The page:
Daily Development for
Wednesday, September 9, 1998
by: Patrick A. Randolph, Jr.
Professor of Law
UMKC School of Law
Of Counsel: Blackwell Sanders Peper Martin
Kansas City, Missouri
LANDLORD'S LIABILITY FOR INJURY TO TENANTS; THIRD PARTY CRIMINAL ATTACKS: Possible criminal assault sufficiently "foreseeable" to trigger a duty of care on landlord when there has been one burglary in the building and landlord has no actual or constructive knowledge of any other assaults, but is aware that lock to tenant victim's office is malfunctioning.
Gans v. Parkview Plaza Partnership, 571 N.W.2d 261 (Neb. 1997).
A tenant in a landlord's office building was beaten and raped in the early evening. The only history of criminal activity in the building or in the immediate vicinity had been a burglary a year earlier. However, in addition to the one earlier burglary, the landlord had been informed several times that the lock on the tenant's door was difficult to operate and, furthermore, the landlord's building was located at the end of a deadend street, making it a relatively easy target for criminal activity. Under these facts, the court ruled that the landlord could found negligent and held liable for damages to the tenant.
Comment: This seems to be a bootstrapping decision. Keep in mind that the issue here is what level of duty is necessary to get around the fact that there is an intervening independent cause here - the criminal actor. Normally there must be some basis upon which the party alleged to have a duty is supposed to make a judgment that a specially hazardous situation exists. Otherwise there is no duty to anticipate criminal attacks. Typically the courts are conservative here. Many require evidence of similar prior criminal attacks on the premises in which the attack occurred. Most at least require evidence of similar prior attacks in the immediate vicinity of the premises.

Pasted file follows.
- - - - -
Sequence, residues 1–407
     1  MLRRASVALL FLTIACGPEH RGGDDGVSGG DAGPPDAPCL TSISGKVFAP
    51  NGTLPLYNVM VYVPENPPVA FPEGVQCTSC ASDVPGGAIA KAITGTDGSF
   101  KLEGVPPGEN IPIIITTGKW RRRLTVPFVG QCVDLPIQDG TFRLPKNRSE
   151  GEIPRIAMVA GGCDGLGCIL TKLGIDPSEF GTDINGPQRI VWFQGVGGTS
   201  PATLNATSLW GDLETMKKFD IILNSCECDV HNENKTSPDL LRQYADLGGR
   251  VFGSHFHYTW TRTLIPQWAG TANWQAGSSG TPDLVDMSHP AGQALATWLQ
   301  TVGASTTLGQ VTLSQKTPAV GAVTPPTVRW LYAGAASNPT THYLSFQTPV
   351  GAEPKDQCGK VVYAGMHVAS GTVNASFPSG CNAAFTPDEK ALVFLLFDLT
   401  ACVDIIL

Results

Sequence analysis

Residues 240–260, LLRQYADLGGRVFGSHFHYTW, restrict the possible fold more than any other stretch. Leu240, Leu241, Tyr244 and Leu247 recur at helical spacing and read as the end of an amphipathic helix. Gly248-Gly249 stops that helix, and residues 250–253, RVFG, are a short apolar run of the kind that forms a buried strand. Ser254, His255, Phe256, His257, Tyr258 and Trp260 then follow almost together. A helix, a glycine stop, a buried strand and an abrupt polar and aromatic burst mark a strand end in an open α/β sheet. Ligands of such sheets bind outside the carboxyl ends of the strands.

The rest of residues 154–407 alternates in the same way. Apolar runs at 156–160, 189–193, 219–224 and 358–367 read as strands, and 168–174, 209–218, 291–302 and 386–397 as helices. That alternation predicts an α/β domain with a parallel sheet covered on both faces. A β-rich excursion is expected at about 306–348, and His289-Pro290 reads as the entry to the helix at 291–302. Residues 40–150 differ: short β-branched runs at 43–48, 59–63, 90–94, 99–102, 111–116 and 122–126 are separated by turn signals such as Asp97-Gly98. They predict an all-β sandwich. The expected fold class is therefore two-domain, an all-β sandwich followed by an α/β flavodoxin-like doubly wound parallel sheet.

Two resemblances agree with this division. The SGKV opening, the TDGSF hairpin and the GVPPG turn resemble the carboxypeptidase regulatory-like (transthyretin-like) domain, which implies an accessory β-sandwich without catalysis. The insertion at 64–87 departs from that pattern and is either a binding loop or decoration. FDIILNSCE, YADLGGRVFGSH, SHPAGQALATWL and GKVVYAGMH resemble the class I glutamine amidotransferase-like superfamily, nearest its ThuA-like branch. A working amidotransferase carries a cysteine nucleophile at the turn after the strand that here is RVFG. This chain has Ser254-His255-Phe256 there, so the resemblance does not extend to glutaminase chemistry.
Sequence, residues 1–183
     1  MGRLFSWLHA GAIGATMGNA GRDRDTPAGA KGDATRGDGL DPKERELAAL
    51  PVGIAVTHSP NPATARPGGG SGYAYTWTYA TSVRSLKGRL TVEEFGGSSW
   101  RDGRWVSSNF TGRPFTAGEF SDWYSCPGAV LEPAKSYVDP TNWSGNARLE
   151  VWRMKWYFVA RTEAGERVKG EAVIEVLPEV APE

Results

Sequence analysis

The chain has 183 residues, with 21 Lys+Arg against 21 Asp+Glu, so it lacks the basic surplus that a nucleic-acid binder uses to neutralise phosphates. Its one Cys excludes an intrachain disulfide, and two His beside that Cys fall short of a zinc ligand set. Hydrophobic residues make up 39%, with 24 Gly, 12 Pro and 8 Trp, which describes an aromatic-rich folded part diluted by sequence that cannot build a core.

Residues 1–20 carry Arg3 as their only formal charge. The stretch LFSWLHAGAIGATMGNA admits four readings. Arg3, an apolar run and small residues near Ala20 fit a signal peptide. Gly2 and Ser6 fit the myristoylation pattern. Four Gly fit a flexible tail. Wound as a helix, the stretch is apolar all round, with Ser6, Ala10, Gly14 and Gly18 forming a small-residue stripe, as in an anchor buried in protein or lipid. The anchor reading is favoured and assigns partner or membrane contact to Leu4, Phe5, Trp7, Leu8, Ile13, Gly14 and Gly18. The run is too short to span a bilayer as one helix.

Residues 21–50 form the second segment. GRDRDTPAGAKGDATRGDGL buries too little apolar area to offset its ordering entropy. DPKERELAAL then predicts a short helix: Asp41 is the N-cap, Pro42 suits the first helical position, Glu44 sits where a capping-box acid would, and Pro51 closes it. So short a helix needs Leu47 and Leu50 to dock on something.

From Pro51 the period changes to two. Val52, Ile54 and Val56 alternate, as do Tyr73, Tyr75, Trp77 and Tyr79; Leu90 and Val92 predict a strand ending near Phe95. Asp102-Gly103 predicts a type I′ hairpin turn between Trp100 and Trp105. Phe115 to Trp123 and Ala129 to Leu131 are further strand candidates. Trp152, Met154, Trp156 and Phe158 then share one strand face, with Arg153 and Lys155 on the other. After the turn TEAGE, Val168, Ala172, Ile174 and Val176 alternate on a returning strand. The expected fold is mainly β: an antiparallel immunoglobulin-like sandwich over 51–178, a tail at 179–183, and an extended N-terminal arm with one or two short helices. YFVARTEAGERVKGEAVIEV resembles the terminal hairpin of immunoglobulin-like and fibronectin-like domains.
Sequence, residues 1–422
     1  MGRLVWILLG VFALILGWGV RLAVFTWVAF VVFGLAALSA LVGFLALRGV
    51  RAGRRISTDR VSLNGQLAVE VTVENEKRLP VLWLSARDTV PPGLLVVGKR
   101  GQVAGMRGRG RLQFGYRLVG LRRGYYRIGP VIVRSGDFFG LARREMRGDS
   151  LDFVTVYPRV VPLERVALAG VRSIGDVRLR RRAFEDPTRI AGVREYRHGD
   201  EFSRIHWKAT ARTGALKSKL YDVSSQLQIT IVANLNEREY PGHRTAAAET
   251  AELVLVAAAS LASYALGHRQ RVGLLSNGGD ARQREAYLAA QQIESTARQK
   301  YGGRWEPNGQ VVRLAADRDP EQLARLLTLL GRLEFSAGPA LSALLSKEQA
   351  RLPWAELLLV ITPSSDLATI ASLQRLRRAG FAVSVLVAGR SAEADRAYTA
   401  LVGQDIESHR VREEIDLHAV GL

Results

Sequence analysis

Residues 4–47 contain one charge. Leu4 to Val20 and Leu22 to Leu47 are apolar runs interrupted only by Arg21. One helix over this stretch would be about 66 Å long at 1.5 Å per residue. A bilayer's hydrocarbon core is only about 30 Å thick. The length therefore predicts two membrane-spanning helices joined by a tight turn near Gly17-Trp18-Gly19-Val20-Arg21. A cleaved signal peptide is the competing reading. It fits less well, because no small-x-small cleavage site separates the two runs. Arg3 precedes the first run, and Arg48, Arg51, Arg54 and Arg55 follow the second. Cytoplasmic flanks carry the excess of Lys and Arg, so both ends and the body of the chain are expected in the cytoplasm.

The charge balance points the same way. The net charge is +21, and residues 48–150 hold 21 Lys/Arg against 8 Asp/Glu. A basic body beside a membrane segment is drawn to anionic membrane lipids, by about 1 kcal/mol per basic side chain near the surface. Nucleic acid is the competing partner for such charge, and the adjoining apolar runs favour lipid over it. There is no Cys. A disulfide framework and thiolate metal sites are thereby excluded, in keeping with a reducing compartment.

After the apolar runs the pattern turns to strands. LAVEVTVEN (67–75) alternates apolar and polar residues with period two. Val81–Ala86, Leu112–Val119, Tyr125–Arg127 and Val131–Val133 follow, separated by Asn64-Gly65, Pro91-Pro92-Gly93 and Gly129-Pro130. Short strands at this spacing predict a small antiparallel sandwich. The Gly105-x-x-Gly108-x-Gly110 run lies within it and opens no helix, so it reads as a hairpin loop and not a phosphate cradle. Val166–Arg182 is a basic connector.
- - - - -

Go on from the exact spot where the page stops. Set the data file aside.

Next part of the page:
Here we had some burglaries, but no prior sexual attacks, and no significant criminal activity in the area. But the property was at a dead end street in a "dangerous appearing" neighborhood.
Unless the landlord had a duty to be careful, it is not liable for intervening criminal acts, and the usual rule is that the duty arises from knowledge of dangerous conditions. The court appears to focus on the general neighborhood circumstances as the basis for the heightened duty. Even that goes beyond many courts. In fact the court really seems to view the faulty lock as part of the "dangerous environment," rather than the breach itself. The alleged negligent act itself - the failure to fix the lock - becomes a basis for the duty, because the broken lock is part of the dangerous environment postulated by the court. This is wrong. In any event, it does appear to be a significant extension of premises liability in Nebraska. Pull out the liability insurance policy, folks time to review coverage!!
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